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Maslow's Hierarchy

Maslow's Hierarchy

Maslow's Hierarchy

Use this framework to understand customers’ motivations

Abraham Maslow, an American psychologist, published his theory of human motivation in a paper in 1943. He focused on the human potential rather than the negative emotions and believed that behavior isn’t driven by external forces but rather internal ones which motivate us to do better and improve. His model is based on aspiration and a desire to improve.

Every business needs to understand what drives the behavior of its customers. At a superficial level we can ask people what motivates them to do something and we receive an answer. But can we believe what they have told us? Do people really know what made them choose that Porsche, join that gym, or train as a nurse? Maslow’s hierarchy of needs helps us understand motivations. It is a theory described as five levels in a pyramid. Each level is a need fulfilled and leads to the desire to reach the next level and move upwards through the pyramid.

In its simplistic form, Maslow believes that the levels in the hierarchy follow in sequence.  This can be observed in early life stages of a child. When a baby is born its only needs are physiological – food and warmth. Up to the age of 5 children have a need for all the physiological requirements plus safety, love and belonging.  When they start school between the ages of 5 and 7, they start to show that they care what people think of them.  This progression from one level to another is obvious in a young child. As we mature, the five levels are still recognisable but they can appear in a different order or be absent altogether. In fact, Maslow was of the view that very few people make it to the highest level - that of self-actualisation. This doesn’t detract from the wide appeal of the theory which describes the complications of behavior in a very easy to understand way.

The most basic needs, those that sit at the bottom of the pyramid, are required for our physiological functioning. These are the need to eat, drink, have sex, stay warm, and sleep.

Once our basic needs are met, there is a desire for personal safety including health and well-being. Financial security is also part of this need.

When we feel safe and secure, we are in a position to seek love, friendship and company. This is a tribal instinct; a need to belong. It is why people feel patriotic, join clubs and support sports teams.

Moving up through the pyramid there is now a search for social recognition, status and respect. These are the values of esteem and they give a person a sense of value. There are two levels of esteem. A lower level yearns for respect from other people and could come from a desire for status and recognition. A higher level of esteem and self-confidence comes from an inner strength that follows the mastering of a skill.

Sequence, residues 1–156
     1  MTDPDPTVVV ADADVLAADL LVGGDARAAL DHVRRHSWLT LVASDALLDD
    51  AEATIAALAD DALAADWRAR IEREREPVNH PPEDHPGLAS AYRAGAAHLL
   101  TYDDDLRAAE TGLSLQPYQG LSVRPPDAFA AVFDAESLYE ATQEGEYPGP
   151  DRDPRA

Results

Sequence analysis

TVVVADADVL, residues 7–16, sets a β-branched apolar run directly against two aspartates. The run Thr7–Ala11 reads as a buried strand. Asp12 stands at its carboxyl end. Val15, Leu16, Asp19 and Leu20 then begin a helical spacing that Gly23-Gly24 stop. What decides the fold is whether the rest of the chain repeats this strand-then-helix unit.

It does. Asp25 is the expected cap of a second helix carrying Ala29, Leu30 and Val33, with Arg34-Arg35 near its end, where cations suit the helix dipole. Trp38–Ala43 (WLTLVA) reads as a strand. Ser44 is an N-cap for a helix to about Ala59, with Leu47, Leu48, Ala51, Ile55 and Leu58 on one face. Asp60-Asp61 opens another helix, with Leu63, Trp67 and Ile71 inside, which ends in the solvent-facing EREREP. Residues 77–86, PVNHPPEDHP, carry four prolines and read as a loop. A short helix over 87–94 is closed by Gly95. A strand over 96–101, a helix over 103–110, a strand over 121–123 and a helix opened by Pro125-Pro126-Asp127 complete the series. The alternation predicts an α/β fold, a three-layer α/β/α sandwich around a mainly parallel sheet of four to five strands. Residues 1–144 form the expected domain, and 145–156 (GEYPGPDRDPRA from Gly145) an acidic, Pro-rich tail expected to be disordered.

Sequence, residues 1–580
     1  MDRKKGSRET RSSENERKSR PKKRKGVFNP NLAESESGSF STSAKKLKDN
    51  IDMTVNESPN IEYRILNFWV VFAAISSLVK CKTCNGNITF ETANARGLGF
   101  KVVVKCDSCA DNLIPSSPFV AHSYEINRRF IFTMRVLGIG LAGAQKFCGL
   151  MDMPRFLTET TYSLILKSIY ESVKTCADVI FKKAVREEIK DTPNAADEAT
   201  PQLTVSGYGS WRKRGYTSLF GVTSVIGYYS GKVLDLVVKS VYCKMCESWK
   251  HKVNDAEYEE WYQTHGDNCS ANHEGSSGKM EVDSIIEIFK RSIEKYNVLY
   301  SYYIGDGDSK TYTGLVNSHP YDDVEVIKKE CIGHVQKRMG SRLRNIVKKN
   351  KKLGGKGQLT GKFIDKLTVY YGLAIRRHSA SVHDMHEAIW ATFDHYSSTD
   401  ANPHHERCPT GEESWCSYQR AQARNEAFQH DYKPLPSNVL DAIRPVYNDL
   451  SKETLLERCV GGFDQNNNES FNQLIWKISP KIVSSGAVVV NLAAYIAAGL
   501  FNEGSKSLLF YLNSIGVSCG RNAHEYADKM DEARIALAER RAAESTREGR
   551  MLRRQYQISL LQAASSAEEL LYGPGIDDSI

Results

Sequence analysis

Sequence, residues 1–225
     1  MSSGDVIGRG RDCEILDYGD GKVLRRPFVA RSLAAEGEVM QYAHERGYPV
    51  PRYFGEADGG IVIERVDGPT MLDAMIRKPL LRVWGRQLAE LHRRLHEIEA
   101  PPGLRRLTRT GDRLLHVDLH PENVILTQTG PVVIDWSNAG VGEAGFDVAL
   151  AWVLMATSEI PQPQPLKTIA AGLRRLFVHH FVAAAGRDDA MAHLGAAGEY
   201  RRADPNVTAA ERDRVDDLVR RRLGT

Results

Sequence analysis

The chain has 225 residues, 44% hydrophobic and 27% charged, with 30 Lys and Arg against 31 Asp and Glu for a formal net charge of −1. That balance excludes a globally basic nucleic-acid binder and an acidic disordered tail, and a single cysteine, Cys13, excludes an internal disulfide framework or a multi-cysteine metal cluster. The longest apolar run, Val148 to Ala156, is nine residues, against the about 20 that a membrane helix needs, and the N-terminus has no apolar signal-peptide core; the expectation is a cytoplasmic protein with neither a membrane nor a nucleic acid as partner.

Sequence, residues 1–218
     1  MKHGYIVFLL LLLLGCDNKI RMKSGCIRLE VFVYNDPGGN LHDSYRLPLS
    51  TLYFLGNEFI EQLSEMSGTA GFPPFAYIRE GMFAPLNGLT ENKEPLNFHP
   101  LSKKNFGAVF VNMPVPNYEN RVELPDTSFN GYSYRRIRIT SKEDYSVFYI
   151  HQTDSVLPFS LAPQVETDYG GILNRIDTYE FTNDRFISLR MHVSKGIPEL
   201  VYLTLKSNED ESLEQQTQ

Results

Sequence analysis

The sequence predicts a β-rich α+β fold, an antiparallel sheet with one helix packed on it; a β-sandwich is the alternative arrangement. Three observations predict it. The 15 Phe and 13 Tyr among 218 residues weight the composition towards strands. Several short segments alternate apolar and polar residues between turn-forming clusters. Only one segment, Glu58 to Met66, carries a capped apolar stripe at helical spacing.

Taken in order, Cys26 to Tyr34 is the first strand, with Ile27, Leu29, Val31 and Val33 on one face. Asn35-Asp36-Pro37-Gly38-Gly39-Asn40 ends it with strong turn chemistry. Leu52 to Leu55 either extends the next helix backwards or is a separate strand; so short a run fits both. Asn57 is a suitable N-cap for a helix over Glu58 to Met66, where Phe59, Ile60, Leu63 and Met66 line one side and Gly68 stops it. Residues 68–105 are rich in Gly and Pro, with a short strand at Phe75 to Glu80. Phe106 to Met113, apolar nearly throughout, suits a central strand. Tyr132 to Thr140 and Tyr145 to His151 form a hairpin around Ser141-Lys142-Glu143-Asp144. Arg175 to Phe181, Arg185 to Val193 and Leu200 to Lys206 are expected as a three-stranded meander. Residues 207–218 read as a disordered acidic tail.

At the top of the hierarchy is self-actualisation. This is achieved when people reach their full potential. It is a poet and their poetry. It is an artist who is feted. At this level a person has achieved everything they are capable of achieving. Maslow claimed that only 2% of the population reach this level. In 1970 he published a list of a small number of people who had achieved self-actualisation, living or dead, and he came up with just 18 names including Thomas Jefferson, Albert Einstein and Maslow himself.

Consultants and business writers have embraced Maslow’s model and modified it to relate to organizations rather than individuals. The following diagram shows a pyramid developed by B2B International reflecting the hierarchical needs of businesses. It suggests that the needs of a company vary (as with humans) from survival to self actualisation and are dealt with by different departments within a company.

Maslow's hierarchy of needs is relevant to businesses in building a strong workforce. If all a company does is offer its workforce basic "survival" needs such as a salary and a place to hang their jacket, they will soon lose staff. Using Maslow's hierarchy a HR department could strengthen workforce engagement through encouraging staff to take part in social events.  Awards to staff for good customer service could provide recognition and help build employee loyalty.

In the same way, the hierarchy can be used to satisfy customers' needs. Offering a basic product is not enough.  Customers want to feel they are in a relationship with their suppliers and that their importance is recognised. In many respects this is similar to Kotler's five product levels which starts with a core product and moves through various augmentations to arrive at a product with a strong brand aura.

Some things to think about:

  • Marketers must, of course, get the basics right. They must have the right product, at the right price, in the right place. However, what distinguishes companies and drives demand are emotions. The most effective communications and segmentations are based on the top end of Maslow’s hierarchy. They address psychological and fulfilment needs.

  • Use focus groups and qualitative research to understand emotions and use quantitative research to measure and quantify how important these emotions are within your customers.

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